In instances where you’re considering a meta refresh, you’re likely to be better off with a 301 redirect.
Most website owners have multiple ways they can choose to set up a redirect. Here are instructions for three common options.
When signed into your cPanel account, scroll down to the Domains section. Find the icon for Redirects and click on it.
In the dropdown menu under Type, you can choose between Permanent (301) or Temporary (302). Make your selection.
In the next dropdown menu, choose which domain you’re setting up the redirect for. You can choose All Public Domains if you want the update to apply to all the domains you own, otherwise select the appropriate one from the dropdown.
Then simply fill in the page you want to set up the redirect for, and the page you want it to go to. Note that in the first box, you’ll only put the last part of the URL, since the root domain name is already supplied in the dropdown menu. But in the second box, put in the full URL you want it to redirect it to.
If you use the Gator Website Builder, select Edit Site for the website you want to set the redirect up for.
The select Manage on the menu on the left side of the screen, and Redirects on the menu that opens up from there.
Click the Add Rule button. Enter the page you want to redirect in the box on the left. Select the type of redirect in the dropdown menu.
Then, based on the type of redirect you selected, you can either choose the page you want the old URL to redirect to in the dropdown menu on the right, or you can enter the URL you want it to go to.
Then simply select OK.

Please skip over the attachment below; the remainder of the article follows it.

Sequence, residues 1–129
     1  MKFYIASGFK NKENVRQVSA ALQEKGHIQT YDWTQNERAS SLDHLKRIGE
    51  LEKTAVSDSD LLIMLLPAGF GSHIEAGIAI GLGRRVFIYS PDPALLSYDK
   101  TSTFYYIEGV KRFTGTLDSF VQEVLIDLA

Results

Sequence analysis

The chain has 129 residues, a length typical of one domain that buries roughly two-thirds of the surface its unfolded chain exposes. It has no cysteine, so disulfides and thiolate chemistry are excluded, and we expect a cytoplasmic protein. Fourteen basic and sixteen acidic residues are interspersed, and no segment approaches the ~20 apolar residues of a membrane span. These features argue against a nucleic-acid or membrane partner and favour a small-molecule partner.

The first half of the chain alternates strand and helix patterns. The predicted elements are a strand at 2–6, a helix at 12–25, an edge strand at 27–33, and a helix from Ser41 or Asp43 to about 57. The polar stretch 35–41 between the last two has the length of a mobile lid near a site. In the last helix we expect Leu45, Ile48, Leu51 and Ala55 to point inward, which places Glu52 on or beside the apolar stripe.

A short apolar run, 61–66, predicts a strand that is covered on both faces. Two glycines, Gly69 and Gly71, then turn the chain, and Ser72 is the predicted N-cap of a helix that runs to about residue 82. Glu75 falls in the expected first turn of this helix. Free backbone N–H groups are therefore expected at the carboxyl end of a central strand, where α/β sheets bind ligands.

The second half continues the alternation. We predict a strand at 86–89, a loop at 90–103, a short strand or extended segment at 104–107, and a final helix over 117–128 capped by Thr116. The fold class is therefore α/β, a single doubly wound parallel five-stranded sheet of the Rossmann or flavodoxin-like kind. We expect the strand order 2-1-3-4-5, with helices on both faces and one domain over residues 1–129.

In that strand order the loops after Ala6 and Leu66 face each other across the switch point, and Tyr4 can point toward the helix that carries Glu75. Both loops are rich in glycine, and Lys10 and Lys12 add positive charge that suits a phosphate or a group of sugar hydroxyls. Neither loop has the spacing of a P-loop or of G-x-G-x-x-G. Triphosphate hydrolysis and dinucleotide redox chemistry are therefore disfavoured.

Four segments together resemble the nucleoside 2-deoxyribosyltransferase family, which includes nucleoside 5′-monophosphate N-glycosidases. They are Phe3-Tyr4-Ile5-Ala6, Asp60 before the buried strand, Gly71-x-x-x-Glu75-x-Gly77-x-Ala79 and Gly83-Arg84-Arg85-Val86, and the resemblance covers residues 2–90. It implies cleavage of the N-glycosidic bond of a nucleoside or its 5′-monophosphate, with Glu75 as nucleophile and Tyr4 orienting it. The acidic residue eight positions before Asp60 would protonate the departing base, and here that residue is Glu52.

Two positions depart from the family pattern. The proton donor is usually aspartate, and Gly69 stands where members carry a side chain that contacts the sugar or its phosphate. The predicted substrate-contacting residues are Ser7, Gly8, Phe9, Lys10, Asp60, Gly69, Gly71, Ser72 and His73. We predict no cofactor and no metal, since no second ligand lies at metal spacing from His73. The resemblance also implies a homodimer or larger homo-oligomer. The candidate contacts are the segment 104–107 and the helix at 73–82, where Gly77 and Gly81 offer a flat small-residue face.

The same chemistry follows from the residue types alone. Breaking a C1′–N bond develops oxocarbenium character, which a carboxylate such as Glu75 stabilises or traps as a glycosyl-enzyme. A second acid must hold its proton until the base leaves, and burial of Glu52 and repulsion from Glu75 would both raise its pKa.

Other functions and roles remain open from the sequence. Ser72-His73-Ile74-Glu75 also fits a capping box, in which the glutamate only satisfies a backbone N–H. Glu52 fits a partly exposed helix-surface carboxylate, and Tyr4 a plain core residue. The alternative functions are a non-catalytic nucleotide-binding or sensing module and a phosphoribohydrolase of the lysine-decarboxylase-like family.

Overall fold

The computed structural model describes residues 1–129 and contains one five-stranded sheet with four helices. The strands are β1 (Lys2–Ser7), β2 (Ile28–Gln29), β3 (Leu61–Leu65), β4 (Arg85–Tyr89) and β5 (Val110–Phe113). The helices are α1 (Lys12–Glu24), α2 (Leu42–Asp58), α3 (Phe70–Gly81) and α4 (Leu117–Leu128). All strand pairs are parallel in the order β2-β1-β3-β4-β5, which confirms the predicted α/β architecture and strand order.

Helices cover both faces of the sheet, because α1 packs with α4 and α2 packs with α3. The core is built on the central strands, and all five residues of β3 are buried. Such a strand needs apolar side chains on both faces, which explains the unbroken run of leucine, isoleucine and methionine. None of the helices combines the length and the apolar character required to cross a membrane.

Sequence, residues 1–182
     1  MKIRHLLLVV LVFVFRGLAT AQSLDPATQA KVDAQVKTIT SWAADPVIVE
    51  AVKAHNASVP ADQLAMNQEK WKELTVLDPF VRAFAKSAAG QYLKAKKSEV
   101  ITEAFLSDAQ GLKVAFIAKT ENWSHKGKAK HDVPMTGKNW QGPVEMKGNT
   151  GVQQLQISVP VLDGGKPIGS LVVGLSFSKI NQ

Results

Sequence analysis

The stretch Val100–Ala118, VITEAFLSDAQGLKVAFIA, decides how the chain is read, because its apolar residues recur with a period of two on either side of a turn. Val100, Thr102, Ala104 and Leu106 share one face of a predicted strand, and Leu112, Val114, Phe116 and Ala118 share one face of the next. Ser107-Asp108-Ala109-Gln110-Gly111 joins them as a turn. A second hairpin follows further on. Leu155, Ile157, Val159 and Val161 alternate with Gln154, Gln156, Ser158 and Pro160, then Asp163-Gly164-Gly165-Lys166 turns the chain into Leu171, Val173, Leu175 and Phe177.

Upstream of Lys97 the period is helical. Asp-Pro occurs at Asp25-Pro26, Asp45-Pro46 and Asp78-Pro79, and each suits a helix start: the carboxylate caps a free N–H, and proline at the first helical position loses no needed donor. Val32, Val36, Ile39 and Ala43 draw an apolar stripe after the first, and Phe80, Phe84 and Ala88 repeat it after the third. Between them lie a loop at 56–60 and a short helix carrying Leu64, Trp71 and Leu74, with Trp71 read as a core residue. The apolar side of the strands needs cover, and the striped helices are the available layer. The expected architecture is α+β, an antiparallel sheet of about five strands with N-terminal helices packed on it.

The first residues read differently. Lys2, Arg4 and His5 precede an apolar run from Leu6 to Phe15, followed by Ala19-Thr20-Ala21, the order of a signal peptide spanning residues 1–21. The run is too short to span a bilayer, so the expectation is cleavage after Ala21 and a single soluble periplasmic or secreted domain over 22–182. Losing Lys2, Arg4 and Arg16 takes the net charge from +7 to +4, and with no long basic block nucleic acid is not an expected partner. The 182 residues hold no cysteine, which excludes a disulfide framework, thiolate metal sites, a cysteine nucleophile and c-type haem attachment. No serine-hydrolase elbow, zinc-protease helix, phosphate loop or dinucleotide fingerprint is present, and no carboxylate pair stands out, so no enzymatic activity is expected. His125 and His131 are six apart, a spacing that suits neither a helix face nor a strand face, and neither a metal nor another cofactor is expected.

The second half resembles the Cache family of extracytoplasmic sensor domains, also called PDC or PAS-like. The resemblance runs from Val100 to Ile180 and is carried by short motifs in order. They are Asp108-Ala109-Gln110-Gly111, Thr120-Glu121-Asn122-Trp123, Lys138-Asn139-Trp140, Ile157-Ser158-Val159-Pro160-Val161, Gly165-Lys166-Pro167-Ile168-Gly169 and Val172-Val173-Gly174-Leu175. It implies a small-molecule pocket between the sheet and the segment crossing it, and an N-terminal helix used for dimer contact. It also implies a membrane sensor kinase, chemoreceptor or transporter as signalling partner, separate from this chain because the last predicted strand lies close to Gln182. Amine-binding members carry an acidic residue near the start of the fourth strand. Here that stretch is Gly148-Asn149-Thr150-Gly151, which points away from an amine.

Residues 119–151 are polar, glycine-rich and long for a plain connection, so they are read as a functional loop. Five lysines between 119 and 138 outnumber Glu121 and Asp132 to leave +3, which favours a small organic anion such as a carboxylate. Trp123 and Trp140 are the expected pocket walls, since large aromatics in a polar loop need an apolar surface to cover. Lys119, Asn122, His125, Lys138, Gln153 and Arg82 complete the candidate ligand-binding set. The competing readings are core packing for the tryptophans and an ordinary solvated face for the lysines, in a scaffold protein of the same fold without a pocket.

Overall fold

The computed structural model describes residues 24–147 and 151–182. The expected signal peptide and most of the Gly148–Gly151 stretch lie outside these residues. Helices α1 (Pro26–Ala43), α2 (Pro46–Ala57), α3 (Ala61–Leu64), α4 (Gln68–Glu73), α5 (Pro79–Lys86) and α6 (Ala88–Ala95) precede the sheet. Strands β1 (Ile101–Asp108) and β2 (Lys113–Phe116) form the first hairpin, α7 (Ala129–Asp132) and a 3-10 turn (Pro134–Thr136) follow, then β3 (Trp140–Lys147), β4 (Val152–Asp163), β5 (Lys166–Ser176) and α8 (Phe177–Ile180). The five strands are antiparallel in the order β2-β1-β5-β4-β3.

The easiest way to set up a redirect in WordPress is using a plugin. One popular option for this is Redirection.
If you’re new to adding plugins in WordPress, select Plugins in the menu on the left side of the screen. Click Add New, then perform a search for the plugin you want.
Click Install Now, then Activate. Each plugin will have its own instructions for how to use it. For Redirection, find it in your Installed Plugins list, click on Settings, then go through the setup instructions.
Once it’s set up, you’ll be able to find Redirection listed under Tools. Then click on Redirects in the menu at the top of the screen, and fill in the information for the URL you want to redirect, and the new URL you want it to point to.
Then click the Add Redirect button.
Now you’ve got three different ways to set up redirects, but if you’re still wondering why someone would bother with this, there are a few main scenarios where it comes up.
When you created your site, you may have decided to create your blog page on a subdomain of your site. So, instead of your blog URL being “mysite.com/blog” you made it “blog.mysite.com”. And now you’ve decided that it makes sense to switch your blog off of the original subdomain structure.